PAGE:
Brittle fracture (Left) ; Ductile fracture (Right)

The conspirators’ perspective

No matter how much science explicates, there will always be a conspiracy looming around every mishap. Titanic was obviously no exception. There are few facts about Titanic that would actually make you rethink the fundamental cause of this tragedy.

After all a “disaster” is defined not by the destruction of an object but rather the termination of life.

The concealed fire accident

There is evidence which stated that well before the departure of Titanic on April 10th, there was a fire that wrecked havoc and weakened the hull. The fire was said to have blazed for a week prior to its departure, but due to commercial reasons it was concealed. If this is true there is a possibility that it would have contributed adversely during the crash.

The cancelled lifeboat drill

Even though the entire crew was oblivious of their fate which was yet to come, it is still a mystery as to why they were ignorant of the possibilities. The drill which could have saved a lot of lives was called off by the captain Edward Smith for some unknown reason. The drills were aimed to prepare passengers to be physically and mentally strong during adversity.

Edward smith (Right)

Less than 25% of third-class passengers survived

Getting an opportunity to board the Titanic was a luxury many people could never afford. But nevertheless the Titanic had its fair share of “Third class” passengers mostly found dispersed on the ocean floor than on land. Out of 2,223 passengers only 705 survived and the majority of them were from first class.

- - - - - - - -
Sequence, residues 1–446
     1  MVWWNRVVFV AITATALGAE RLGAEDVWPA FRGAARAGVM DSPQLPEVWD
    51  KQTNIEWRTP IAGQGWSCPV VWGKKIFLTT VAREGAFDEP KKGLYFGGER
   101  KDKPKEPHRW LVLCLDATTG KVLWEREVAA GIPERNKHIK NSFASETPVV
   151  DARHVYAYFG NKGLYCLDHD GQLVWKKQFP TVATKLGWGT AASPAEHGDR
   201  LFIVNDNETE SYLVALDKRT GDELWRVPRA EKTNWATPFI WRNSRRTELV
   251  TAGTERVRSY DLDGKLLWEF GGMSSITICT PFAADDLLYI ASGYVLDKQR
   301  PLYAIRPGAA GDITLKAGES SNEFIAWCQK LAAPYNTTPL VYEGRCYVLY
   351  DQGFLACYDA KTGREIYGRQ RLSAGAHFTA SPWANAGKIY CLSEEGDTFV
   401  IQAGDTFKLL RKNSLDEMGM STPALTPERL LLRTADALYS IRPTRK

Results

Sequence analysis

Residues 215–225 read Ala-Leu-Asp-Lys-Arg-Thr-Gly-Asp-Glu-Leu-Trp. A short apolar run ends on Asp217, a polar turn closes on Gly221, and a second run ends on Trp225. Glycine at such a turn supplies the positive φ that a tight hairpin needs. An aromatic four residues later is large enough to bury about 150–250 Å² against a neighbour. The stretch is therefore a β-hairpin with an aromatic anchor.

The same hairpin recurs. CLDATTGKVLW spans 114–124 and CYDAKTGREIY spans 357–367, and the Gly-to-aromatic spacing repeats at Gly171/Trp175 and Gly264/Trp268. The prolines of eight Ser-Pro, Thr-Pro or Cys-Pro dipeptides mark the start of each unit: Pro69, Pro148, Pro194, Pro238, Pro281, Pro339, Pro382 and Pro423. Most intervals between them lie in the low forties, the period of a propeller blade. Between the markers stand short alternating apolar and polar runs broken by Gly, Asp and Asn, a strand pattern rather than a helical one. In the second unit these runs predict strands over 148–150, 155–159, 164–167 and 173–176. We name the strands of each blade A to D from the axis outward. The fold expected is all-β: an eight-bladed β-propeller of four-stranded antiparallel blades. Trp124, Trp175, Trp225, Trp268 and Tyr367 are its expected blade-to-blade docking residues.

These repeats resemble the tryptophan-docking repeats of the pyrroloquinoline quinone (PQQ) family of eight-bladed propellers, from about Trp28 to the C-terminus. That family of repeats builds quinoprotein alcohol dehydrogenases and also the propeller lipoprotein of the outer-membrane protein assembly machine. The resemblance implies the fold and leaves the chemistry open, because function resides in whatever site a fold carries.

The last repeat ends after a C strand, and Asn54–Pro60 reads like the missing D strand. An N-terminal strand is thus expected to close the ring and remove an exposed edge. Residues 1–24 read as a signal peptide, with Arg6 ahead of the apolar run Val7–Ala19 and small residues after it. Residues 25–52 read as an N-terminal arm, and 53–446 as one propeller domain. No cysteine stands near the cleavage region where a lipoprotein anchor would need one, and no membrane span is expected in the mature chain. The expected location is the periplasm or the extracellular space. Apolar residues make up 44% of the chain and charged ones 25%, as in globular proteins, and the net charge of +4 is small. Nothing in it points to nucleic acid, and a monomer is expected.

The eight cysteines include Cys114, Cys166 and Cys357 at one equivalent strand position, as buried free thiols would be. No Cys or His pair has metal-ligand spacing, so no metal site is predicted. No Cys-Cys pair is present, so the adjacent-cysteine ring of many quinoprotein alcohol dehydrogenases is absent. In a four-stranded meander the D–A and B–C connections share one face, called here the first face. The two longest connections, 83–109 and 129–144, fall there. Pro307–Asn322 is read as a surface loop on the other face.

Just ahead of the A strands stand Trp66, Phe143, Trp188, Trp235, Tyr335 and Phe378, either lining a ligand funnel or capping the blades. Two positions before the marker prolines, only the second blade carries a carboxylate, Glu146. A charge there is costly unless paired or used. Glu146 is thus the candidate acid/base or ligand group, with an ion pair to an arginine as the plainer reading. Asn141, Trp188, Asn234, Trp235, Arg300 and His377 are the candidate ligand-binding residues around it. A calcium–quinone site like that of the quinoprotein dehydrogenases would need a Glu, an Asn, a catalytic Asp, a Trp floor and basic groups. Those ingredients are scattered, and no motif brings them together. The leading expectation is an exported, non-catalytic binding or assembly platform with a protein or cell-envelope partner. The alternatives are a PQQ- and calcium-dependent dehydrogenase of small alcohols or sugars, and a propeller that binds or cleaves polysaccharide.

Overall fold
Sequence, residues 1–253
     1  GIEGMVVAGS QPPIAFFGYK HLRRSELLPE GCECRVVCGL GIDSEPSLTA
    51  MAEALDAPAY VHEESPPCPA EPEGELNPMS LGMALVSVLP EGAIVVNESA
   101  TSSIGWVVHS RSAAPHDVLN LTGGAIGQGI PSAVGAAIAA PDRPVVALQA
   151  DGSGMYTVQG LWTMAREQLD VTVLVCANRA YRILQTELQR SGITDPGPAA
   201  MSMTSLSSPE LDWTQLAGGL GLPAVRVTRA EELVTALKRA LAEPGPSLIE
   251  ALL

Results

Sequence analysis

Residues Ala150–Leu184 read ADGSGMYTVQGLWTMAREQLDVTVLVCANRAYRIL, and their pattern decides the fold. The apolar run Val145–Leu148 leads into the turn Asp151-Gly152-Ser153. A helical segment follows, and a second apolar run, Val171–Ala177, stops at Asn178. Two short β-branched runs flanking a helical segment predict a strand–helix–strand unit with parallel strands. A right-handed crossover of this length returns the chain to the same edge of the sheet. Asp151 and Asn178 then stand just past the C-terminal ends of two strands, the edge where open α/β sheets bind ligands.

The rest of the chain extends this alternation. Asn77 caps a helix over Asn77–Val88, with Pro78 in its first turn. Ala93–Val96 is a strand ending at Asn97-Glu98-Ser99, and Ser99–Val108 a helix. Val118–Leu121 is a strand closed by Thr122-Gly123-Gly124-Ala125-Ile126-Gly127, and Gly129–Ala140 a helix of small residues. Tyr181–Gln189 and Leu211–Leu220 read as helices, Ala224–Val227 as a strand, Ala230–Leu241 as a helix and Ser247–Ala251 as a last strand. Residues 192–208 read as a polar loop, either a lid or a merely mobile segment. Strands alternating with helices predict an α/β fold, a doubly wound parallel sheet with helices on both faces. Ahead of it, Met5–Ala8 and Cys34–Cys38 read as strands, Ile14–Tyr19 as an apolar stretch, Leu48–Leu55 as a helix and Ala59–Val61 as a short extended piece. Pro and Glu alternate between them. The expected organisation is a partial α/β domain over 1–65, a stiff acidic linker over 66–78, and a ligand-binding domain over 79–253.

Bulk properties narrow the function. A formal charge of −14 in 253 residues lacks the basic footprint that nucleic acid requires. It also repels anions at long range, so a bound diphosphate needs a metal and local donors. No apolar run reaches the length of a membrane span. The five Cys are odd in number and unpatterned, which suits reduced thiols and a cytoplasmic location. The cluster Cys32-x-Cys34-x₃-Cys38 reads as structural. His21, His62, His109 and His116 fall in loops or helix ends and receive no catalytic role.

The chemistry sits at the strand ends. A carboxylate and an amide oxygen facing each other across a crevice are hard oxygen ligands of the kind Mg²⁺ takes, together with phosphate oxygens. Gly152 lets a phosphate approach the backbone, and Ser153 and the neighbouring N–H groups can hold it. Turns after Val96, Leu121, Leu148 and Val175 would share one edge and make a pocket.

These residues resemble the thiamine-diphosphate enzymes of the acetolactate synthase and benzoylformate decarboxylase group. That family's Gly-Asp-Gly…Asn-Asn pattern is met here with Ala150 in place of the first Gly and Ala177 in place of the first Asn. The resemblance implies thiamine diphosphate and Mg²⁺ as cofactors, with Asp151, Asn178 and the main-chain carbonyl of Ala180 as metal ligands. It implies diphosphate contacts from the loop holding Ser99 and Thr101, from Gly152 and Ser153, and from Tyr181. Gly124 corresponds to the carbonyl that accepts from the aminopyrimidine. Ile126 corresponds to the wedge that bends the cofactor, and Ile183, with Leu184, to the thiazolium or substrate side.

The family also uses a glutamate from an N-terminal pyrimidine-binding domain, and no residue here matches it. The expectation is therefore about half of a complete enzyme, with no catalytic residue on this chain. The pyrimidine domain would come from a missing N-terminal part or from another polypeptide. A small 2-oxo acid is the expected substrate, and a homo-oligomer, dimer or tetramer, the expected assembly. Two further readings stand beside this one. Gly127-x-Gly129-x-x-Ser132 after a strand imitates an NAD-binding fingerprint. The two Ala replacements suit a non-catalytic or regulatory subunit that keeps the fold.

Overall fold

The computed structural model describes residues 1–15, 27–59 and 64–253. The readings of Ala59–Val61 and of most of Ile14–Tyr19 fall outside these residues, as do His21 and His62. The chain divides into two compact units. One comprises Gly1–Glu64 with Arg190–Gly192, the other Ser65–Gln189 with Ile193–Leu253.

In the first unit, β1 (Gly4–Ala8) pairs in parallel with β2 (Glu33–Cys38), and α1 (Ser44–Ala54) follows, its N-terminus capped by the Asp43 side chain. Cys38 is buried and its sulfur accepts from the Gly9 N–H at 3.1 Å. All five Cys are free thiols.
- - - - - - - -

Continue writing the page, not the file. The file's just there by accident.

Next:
The Titanic could carry 64 lifeboats but had only 20 onboard

The Titanic offered services such as veranda cafés, a smoking room, restaurant, a dining saloon, reading and writing room, gymnasium, Turkish baths, squash courts and even bicycles, electric horses for exercise. Somehow people felt these amenities were far more important than lifeboats. This one observation is more than enough to convince people that the mishap was more than just a “Fateful incident”

The lifeboats were only half filled when they were deployed

In order to cater to the convince of exclusive passengers the lifeboats were not incommodious, only 28 people boarded the first lifeboat which was only deployed after one hour had elapsed after the crash. The original capacity of the lifeboat was to accommodate 65 people. This reluctance during a critical moment cost a lot of lives.

The lifeboats were far too less to accommodate everyone

The presence of SS Californian